I've just used some EH50 (now called EH125) on a deep pour and no problems at all despite being a bit old. 3 days in pressure pot and temp between 15 to 20 C. Swindon composite reckon 20C is good for a cure according to their blurb. You say you heated the resin before mixing but did you allow the temp to drop back to room temp before mixing? I am told that non-setting is normally wrong ratio mix or incomplete mixing.
 
I've just used some EH50 (now called EH125) on a deep pour and no problems at all despite being a bit old. 3 days in pressure pot and temp between 15 to 20 C. Swindon composite reckon 20C is good for a cure according to their blurb. You say you heated the resin before mixing but did you allow the temp to drop back to room temp before mixing? I am told that non-setting is normally wrong ratio mix or incomplete mixing.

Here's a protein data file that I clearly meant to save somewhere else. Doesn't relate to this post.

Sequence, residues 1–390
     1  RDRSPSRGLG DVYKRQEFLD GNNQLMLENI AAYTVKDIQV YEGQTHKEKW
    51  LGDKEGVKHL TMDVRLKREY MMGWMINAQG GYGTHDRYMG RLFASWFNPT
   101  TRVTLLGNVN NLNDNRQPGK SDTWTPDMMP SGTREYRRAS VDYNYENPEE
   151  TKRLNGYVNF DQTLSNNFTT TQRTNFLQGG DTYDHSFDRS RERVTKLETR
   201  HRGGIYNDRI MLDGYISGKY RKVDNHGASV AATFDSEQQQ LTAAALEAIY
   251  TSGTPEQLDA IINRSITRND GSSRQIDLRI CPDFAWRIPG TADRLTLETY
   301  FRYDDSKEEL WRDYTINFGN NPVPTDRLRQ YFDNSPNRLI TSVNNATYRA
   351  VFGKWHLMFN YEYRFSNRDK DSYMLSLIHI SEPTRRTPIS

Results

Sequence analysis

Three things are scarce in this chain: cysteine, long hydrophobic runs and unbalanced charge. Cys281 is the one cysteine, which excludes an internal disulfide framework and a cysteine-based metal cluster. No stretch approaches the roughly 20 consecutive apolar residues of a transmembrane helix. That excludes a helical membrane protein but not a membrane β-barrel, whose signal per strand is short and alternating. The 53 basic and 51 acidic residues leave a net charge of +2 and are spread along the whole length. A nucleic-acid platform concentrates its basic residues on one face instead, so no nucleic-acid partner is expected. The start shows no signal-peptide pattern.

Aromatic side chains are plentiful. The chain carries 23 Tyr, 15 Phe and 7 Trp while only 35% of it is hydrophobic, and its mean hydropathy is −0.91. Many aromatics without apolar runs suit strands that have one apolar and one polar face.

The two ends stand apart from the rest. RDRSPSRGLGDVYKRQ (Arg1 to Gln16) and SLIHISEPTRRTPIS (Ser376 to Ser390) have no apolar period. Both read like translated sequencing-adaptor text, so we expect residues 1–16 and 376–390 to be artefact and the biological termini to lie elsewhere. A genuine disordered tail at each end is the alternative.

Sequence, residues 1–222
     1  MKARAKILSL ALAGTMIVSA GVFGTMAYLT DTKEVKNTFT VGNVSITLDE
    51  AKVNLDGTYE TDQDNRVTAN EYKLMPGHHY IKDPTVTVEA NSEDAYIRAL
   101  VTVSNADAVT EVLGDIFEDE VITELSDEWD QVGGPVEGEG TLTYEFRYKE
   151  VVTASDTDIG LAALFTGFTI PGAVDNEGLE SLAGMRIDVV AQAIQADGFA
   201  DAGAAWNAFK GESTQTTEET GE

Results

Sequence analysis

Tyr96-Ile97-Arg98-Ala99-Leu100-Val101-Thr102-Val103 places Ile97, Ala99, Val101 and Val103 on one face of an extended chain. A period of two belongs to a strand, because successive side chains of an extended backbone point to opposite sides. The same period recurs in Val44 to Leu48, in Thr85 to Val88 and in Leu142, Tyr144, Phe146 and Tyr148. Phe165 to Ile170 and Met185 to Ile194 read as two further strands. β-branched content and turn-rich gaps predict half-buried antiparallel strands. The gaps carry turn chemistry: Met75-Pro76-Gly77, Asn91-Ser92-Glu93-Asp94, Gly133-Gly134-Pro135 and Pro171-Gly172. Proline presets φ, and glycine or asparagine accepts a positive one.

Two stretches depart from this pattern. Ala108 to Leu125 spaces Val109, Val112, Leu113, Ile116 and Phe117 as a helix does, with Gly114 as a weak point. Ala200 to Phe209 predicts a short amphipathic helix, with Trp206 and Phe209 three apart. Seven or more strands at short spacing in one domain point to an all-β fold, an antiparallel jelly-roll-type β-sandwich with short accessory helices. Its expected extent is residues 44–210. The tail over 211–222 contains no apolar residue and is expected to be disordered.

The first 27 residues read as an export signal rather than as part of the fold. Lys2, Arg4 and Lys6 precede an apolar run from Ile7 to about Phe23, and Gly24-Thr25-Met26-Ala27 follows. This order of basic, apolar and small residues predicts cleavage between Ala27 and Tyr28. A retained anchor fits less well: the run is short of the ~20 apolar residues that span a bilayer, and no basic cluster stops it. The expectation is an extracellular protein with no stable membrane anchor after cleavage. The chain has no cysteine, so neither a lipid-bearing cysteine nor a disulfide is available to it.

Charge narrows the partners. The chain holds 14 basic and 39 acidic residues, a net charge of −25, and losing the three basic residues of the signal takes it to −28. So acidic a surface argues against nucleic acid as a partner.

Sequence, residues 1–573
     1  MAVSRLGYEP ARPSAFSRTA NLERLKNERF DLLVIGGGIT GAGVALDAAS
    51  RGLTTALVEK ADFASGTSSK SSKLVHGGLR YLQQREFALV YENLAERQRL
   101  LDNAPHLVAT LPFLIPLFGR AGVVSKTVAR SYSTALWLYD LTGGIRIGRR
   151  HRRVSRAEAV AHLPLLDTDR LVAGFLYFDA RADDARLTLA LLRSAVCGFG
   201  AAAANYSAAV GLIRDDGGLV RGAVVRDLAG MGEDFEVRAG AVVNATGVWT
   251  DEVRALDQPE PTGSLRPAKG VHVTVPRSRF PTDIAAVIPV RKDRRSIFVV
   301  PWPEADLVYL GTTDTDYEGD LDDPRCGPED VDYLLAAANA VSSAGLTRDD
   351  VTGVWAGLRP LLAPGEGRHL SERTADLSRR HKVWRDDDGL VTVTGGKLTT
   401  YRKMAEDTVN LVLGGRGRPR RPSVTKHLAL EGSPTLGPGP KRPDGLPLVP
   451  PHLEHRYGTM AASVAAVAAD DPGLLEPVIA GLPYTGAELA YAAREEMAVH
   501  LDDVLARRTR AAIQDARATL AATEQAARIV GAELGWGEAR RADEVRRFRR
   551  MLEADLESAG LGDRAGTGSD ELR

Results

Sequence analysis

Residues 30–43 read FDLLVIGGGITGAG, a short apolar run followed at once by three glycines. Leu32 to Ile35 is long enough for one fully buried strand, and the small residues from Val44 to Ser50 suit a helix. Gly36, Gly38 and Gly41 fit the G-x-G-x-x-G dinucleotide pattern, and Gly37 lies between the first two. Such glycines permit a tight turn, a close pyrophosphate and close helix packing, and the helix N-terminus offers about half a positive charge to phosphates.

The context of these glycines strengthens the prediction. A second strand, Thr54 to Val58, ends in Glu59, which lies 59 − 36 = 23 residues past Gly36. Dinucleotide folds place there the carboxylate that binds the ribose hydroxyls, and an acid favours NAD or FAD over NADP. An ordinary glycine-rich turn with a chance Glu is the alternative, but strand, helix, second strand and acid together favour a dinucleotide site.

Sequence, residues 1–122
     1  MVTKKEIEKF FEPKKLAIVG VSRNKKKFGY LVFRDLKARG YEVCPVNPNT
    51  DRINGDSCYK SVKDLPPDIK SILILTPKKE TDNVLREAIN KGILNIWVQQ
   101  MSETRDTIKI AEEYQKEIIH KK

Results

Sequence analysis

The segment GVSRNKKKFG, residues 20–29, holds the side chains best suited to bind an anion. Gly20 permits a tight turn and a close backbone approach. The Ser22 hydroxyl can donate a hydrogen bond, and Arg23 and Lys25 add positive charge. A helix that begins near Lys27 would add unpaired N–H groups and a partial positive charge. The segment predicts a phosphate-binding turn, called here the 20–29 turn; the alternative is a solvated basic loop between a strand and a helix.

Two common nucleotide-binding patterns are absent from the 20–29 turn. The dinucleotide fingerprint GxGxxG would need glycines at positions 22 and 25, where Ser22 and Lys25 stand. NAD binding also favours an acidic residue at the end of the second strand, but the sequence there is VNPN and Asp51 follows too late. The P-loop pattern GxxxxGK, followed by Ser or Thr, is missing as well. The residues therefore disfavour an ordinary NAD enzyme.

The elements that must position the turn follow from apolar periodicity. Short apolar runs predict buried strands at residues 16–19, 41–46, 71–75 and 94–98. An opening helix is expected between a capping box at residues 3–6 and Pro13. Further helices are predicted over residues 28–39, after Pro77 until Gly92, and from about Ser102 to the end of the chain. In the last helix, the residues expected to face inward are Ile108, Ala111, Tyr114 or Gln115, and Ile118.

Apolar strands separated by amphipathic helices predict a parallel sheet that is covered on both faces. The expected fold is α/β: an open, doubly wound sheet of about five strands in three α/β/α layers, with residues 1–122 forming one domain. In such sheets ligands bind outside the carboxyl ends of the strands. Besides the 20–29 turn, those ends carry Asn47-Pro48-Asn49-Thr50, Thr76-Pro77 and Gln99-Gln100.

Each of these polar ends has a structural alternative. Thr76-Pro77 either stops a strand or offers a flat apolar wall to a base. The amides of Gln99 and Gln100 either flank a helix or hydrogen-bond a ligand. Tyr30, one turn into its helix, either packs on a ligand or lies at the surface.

Had an email for Swindon saying higher temp would be better, I was very carefully with the mix and a label on the resin said to heat it if thick and tried 3 small lots since over the space of 4 weeks all have not set
 
Had an email for Swindon saying higher temp would be better, I was very carefully with the mix and a label on the resin said to heat it if thick and tried 3 small lots since over the space of 4 weeks all have not set
I'd get back on to supplier and explain this to them. It may be a bad batch?
 
I used some epoxy resin to reinforce the base of a bakelite camera body that I was making a lamp with, so there was only a small amount of resin no thicker than 5mm. My workshop was very cold so I used a fan heater on the bench while pouring the resin. Then I turned the heater off and left it to set. Two days later it was a sticky semi set mess, I realised that the cold had stopped the setting process and took the camera into the house and warmed it up - hoping it would harden. It didn't, the cold obviously stopped the reaction and nothing could restart it.
My only solution was to scrape the resin out, and at the bottom of the 5mm pour it was still as liquid as when poured.